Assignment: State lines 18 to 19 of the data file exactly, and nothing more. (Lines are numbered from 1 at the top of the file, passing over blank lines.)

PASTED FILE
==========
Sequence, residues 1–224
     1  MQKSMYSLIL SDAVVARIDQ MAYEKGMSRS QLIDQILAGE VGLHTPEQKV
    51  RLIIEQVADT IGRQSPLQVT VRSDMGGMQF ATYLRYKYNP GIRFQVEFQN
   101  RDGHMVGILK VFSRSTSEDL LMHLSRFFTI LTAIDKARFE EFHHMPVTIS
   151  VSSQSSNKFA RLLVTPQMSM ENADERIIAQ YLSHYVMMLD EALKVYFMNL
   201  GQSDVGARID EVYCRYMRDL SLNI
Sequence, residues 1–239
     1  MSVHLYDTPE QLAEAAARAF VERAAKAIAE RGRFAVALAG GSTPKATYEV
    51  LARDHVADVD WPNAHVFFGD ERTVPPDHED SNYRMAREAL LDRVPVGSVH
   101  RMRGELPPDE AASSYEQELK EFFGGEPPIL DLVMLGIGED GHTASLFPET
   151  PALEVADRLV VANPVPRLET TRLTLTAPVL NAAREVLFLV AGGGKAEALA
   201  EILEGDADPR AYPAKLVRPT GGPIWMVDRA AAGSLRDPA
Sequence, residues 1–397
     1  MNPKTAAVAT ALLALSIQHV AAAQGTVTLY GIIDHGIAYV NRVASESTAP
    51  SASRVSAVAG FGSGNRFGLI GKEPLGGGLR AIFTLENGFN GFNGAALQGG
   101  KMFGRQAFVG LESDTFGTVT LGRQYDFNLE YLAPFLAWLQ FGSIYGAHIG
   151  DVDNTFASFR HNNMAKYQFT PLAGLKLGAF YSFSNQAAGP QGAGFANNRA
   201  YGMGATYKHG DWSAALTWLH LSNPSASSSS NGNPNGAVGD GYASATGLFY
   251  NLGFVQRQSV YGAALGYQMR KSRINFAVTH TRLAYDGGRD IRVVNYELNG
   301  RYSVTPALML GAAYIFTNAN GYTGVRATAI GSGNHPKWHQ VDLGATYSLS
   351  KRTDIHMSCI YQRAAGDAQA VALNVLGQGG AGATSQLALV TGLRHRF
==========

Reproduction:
   201  YGMGATYKHG DWSAALTWLH LSNPSASSSS NGNPNGAVGD GYASATGLFY
   251  NLGFVQRQSV YGAALGYQMR KSRINFAVTH TRLAYDGGRD IRVVNYELNG